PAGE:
Green-painted cycle lanes proliferate in Bremerton – with more to come
BREMERTON — Bremerton’s green streets are on the rise.
New stretches of green-coated bike lanes are popping up across the city this year. The largest effort, a $2 million safety project on Kitsap Way from Highway 3 to Callow Avenue, will complete construction in August. More such lanes were added to Austin Drive and downtown streets around the ferry terminal earlier this year.
And there’s more to come, says Mayor Greg Wheeler, whose goal is to make sure bike paths connect to each other, rather than remain isolated islands.
“We are working to tie them all together,” he said.
Cities across the country are grappling with the dilemma of installing bike lanes that lead nowhere. For example, the brand new half-billion-dollar Sixth Street Viaduct in Los Angeles has raised sighs among some cyclists because you have to drive through traffic to get there, the Wall Street Journal reported.
Bremerton’s plans include extending new lanes west on Kitsap Way to Kitsap Lake; adding new ones to much of Naval Avenue, as well as Sixth Street between Callow and Warren Avenue, and creating a new east side bike corridor along Almira Drive.
“When we’re done with these projects, we’ll have a network,” Wheeler said. “They are designed to help people navigate the city, while reducing traffic congestion and carbon emissions.”
Although hilly, Bremerton is geographically “a whole bunch of peninsulas”, according to avid cyclist and local resident Travis Merrigan – meaning there are lightly traveled roads around its perimeter, making it an ideal place to drive safely, he said.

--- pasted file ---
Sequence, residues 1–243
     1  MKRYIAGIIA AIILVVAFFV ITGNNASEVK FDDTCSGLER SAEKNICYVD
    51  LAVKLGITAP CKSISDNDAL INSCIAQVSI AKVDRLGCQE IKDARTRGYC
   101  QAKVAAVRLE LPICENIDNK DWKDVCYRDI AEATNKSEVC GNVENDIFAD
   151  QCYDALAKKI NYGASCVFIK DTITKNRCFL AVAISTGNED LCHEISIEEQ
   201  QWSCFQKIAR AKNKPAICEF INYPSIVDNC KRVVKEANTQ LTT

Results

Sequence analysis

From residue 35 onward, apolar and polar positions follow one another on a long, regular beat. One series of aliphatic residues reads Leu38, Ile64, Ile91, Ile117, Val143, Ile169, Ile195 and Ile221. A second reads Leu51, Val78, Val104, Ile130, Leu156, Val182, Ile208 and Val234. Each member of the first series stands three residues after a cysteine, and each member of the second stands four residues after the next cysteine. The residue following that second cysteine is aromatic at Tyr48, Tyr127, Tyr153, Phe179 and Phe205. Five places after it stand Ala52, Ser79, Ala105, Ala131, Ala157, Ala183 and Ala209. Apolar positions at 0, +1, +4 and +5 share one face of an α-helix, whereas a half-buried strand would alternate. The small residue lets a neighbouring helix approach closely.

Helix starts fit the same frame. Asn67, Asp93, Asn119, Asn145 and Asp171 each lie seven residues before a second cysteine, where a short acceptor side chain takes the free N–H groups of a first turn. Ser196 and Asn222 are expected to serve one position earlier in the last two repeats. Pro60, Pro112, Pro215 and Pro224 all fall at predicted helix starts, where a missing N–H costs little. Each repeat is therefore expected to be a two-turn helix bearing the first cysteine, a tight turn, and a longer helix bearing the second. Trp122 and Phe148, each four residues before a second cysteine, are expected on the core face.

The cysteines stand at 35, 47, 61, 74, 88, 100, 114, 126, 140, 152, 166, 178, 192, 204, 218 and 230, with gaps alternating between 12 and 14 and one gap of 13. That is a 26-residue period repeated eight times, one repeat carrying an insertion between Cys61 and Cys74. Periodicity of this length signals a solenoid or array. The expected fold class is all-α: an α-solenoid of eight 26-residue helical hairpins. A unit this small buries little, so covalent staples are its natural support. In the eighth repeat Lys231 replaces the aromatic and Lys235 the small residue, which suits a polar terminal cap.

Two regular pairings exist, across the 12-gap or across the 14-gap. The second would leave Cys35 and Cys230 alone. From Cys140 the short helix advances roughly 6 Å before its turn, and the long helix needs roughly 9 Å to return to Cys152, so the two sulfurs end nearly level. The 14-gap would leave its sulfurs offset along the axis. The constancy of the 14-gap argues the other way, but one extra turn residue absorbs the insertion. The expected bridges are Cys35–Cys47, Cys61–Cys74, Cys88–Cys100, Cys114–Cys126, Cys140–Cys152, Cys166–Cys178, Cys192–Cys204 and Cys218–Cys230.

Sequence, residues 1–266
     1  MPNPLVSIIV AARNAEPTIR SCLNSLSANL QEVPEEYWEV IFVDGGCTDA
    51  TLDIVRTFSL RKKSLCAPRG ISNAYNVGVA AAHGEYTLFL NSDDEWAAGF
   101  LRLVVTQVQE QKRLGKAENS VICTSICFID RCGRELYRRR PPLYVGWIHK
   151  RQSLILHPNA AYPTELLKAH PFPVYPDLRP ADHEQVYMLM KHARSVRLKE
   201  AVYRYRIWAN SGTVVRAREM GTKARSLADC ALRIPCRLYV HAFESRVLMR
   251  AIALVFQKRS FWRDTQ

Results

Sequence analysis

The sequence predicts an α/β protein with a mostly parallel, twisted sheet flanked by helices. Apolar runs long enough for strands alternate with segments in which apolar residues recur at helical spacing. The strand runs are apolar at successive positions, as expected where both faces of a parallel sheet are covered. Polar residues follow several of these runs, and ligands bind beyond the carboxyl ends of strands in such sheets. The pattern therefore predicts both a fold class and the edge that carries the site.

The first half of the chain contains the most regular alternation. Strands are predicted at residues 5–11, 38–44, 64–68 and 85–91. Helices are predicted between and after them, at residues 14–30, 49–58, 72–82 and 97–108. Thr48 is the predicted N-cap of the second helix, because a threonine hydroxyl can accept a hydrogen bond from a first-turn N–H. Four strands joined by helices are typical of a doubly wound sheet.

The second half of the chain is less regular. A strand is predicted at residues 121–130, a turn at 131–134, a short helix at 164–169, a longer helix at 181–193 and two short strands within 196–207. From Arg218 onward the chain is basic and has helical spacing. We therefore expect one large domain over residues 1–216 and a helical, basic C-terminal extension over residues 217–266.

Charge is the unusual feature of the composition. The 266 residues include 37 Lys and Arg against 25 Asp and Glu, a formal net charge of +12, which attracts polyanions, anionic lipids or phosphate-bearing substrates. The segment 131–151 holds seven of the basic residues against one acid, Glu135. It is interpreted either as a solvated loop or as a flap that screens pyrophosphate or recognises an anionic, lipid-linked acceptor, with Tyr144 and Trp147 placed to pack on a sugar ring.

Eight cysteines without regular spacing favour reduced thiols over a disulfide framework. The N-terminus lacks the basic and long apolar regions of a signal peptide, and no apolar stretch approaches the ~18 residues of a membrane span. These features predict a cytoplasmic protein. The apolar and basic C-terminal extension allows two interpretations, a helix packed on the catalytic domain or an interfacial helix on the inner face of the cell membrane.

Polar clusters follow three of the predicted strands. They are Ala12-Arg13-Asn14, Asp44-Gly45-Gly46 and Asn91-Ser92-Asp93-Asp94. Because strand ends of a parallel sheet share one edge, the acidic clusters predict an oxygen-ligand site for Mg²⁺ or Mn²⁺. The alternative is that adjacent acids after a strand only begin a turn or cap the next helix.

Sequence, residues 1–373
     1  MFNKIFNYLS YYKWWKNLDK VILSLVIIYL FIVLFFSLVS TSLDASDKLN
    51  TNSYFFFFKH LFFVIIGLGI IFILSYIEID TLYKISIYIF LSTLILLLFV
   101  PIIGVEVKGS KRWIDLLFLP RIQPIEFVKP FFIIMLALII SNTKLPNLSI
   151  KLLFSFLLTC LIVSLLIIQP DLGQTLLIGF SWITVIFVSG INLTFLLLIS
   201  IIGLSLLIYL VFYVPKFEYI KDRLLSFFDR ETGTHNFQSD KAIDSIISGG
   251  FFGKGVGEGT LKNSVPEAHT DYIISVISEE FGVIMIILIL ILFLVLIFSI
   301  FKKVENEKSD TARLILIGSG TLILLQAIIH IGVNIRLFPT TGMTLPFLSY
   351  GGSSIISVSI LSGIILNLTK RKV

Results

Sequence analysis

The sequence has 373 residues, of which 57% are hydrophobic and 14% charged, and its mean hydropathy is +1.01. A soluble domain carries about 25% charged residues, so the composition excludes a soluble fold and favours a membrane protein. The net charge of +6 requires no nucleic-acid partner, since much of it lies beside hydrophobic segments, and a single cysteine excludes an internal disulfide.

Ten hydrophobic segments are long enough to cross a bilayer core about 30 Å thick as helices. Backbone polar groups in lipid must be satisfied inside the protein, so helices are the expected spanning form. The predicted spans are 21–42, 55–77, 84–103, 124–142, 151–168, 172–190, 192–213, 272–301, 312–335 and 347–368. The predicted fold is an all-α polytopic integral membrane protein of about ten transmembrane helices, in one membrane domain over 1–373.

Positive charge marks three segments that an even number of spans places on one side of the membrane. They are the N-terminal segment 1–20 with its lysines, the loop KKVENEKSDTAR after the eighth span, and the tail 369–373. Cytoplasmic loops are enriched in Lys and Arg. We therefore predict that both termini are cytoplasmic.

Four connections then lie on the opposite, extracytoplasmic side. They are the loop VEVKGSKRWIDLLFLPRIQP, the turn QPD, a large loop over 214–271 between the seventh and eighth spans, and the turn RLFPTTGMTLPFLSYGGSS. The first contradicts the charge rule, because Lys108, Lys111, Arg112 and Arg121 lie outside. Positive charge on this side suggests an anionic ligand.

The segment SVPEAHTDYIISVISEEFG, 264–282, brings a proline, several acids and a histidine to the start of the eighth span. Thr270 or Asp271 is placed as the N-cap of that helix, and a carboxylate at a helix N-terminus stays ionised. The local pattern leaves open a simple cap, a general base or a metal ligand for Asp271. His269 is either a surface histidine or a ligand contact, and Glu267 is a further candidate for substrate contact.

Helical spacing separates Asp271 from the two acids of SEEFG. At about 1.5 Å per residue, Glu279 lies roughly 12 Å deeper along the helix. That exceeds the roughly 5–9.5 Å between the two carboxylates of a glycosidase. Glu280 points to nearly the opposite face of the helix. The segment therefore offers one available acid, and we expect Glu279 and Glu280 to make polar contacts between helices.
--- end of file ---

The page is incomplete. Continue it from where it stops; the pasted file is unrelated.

Some of the inspiration for the Kitsap Way project came from West Sound Cycling Club members Paul Dutky and Dianne Iverson. For years, the Bremerton couple have been knocking on residents’ doors for opinions, measuring streets and even designing potential fixes across the city in an effort to make cycling safer here. The new green paint on Kitsap Way, they said, will give bikers a much more defined path of where to ride while also better alerting motorists to where they will be.
“It went from a suicide ride to a much safer place to ride,” Iverson said.
Bike lanes are not without detractors, who say they can slow down traffic. “The problem with protected bike lanes is that cities typically put them on arterial roads, removing parking and narrowing traffic lanes,” blogged Shelia Dunn, spokeswoman for the National Motorists Association.
But with the growing popularity of battery-powered e-bikes, more and more people are riding the streets of Bremerton on two wheels. Merrigan wishes the Kitsap Way project had gone even further to separate bikes and cars, to include barriers that would further increase safety and reduce or even eliminate some car lanes to allow more room for bikes.
“Space is scarce in the city,” he said. “But the roads here are very wide.”
City engineers said they tried to strike a balance that would increase safety for cyclists and pedestrians while ensuring space for vehicles was maintained, according to project manager Gunnar Fridriksson.
“We only have a little grip and asphalt,” he said.
Fridriksson noted that there are also benefits for motorists. They are now more aware of where the bikes will ride, thanks to the prominent green paint, and the federal grant also covered improvements for intersections on Wheaton Way, including synchronization of traffic lights across the whole of this corridor which will occur in September. .
The town had tried the first cycle lanes on Kitsap Way about a decade ago. Fridriksson noted that the science around road safety has continued to evolve.
“It’s been a learning curve for us,” he said.